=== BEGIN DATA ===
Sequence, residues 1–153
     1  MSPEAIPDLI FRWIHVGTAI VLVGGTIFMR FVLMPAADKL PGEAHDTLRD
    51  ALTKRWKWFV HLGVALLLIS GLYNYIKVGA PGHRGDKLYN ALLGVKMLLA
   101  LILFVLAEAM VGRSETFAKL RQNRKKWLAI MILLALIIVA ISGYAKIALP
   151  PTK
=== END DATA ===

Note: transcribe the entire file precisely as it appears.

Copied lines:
Sequence, residues 1–153
     1  MSPEAIPDLI FRWIHVGTAI VLVGGTIFMR FVLMPAADKL PGEAHDTLRD
    51  ALTKRWKWFV HLGVALLLIS GLYNYIKVGA PGHRGDKLYN ALLGVKMLLA
   101  LILFVLAEAM VGRSETFAKL RQNRKKWLAI MILLALIIVA ISGYAKIALP
   151  PTK